By Ana-Maria VranceanuFirst Online:
13 August 2019
Over the past decade, there has been a proliferation of research on psychosocial sequelae associated with hospitalization for neurocritical illness for both patients and their informal caregivers (e.g., family and friends who provide unpaid care ). We now know that many survivors and their families develop depression, anxiety, and posttraumatic stress [2, 3], due to the sudden and often traumatic onset of the brain injury, as well as the uncertainty of prognosis and recovery trajectory. However, less research has explored the psychological effects of caring for patients and families on neurocritical care staffs’ emotional functioning. Burnout is a topic of utmost importance for neurocritical care staff, who are under constant stress due to management of complex medical scenarios, engagement in challenging life or death situations with families, and witnessing death or severe sequelae on a daily basis.
Burnout is a syndrome characterized by emotional exhaustion that can lead to depersonalization and decreased personal accomplishment at work. Emotional exhaustion manifests through feelings of overwhelm and fatigued, inability to face the demands of the job, and to meaningfully engage with others. Over time, a sense of cynical detachment from work can develop, and patients can start to be viewed as objects (e.g., depersonalization). This can be followed by a perception of lack of making meaningful contributions and a feeling of inadequacy at work. Mounting evidence over the past few years has drawn attention to a growing prevalence of burnout among healthcare personnel in a variety of settings, and this has been recently depicted as a threat to healthcare quality and patient safety. This year, the American Heart Association CEO roundtable of 40 members representing more than 10 million employees and families has released “Mental Health: A workforce crises,” delineating the problem of workplace burnout and need for interventions. Understanding sources of burnout and developing interventions to decrease it is thus of utmost importance not only for the general wellbeing and health of neurocritical care employees, but also because of its negative effects on patient safety and quality of care, as well as loss of resources due to the high turnover and inability to retain talented staff.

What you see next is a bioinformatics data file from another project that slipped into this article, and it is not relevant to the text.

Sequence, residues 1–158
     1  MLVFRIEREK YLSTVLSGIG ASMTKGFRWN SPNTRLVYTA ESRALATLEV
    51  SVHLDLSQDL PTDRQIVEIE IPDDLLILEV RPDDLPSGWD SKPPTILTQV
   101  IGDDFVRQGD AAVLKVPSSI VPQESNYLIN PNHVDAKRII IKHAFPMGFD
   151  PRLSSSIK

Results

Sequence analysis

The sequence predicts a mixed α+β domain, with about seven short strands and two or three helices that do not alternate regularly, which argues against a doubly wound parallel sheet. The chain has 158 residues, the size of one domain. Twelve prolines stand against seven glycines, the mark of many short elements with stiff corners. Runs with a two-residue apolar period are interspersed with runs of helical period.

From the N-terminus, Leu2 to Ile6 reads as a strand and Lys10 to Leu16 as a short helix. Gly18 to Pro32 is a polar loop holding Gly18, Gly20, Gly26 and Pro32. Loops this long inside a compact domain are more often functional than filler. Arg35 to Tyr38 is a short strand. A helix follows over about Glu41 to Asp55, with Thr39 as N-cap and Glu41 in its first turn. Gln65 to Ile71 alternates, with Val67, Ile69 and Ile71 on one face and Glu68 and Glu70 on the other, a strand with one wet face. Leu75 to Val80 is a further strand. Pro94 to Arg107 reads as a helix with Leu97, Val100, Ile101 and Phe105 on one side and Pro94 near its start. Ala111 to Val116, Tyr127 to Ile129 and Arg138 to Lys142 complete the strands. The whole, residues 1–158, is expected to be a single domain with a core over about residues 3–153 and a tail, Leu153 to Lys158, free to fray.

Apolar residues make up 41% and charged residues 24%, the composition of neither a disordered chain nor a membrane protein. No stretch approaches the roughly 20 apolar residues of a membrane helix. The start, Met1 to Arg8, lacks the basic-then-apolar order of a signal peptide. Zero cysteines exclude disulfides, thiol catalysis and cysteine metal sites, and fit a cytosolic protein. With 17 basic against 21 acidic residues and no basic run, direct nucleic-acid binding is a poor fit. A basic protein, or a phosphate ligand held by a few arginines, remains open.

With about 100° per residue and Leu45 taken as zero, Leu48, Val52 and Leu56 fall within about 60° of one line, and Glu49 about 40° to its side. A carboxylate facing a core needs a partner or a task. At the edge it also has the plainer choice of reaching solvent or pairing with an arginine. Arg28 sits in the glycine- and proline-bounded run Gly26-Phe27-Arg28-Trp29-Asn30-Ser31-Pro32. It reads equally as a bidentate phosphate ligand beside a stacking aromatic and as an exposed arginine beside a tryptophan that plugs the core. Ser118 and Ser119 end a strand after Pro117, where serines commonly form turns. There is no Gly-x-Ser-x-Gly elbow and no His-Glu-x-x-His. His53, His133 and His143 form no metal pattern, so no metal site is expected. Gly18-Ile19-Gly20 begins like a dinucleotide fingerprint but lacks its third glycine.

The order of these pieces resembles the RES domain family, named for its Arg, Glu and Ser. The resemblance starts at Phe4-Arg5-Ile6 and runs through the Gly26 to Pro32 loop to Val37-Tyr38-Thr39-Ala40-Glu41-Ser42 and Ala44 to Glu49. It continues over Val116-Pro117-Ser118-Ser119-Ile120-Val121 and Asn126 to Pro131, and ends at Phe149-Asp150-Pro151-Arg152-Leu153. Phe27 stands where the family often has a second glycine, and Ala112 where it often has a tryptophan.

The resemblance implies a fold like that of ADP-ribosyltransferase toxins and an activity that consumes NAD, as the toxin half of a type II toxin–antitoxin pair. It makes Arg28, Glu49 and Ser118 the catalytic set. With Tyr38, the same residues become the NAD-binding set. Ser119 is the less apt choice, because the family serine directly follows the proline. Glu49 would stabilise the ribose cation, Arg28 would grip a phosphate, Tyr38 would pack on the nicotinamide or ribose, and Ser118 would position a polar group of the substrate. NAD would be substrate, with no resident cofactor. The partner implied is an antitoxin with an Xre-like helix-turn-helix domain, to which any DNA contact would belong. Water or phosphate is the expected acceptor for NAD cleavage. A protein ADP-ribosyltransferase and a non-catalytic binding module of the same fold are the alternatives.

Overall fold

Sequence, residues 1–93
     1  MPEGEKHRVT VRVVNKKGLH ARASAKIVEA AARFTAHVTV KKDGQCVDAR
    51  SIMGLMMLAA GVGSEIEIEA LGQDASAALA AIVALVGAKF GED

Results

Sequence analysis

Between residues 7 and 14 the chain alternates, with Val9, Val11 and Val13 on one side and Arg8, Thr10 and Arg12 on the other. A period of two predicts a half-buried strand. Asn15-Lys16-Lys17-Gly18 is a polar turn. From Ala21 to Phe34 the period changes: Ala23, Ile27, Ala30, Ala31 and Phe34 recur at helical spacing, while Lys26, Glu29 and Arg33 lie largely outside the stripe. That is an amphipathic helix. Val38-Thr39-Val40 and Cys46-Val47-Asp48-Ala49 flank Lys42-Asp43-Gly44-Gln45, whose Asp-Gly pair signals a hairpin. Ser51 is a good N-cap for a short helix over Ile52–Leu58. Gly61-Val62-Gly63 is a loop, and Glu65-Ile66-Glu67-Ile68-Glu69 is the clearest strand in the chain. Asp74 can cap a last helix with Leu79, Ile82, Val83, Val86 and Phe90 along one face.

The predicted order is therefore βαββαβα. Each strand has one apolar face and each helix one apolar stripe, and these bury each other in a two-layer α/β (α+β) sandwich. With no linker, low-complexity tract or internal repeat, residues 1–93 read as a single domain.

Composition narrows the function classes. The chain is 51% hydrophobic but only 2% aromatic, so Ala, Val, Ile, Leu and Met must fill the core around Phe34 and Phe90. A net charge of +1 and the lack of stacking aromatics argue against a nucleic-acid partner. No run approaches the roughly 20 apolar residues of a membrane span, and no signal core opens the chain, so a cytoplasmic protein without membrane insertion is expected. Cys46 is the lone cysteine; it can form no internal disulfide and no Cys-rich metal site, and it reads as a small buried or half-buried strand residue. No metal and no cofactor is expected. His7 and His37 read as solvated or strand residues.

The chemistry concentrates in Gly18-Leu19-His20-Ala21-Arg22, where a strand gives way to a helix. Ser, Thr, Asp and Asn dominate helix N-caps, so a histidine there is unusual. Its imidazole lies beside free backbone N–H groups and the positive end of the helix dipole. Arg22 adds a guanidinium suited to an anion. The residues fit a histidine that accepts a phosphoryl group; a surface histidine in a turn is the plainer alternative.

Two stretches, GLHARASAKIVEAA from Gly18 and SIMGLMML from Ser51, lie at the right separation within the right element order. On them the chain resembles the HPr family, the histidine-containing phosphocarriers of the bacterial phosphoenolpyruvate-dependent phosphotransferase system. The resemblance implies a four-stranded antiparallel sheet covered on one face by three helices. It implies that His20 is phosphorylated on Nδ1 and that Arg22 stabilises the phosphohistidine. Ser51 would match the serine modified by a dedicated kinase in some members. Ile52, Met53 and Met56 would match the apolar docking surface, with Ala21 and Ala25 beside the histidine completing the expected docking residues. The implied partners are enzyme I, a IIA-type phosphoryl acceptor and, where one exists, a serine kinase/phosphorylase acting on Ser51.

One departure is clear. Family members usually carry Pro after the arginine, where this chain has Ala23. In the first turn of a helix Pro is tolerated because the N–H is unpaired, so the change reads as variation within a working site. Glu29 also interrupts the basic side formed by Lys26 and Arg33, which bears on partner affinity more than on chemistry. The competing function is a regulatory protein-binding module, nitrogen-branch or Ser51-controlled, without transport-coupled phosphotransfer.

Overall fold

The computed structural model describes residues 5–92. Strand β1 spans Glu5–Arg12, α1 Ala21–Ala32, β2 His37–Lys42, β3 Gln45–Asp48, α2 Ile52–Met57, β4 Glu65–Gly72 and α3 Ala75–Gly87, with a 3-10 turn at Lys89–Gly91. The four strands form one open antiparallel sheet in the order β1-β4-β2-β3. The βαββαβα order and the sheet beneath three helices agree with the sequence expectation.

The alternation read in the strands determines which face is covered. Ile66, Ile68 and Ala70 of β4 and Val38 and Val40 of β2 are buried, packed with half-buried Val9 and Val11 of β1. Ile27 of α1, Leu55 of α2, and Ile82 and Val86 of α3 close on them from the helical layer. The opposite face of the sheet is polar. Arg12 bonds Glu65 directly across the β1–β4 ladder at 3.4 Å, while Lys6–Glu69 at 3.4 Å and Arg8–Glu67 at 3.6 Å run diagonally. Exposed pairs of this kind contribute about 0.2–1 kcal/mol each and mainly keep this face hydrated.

The brief communication by Purvis and colleagues  in this issue of Neurocritical Care draws attention to this important yet understudied problem. The authors report on a cross-sectional study of burnout and resiliency (e.g., ability to successfully manage traumatic or highly stressful situations) among neurocritical care staff (75% nurses). Approximately 45% of staff members had clinically significant scores on emotional exhaustion and 28% on depersonalization. Longer time working in the neurocritical care setting was associated with higher emotional exhaustion, and older age was associated with higher resiliency.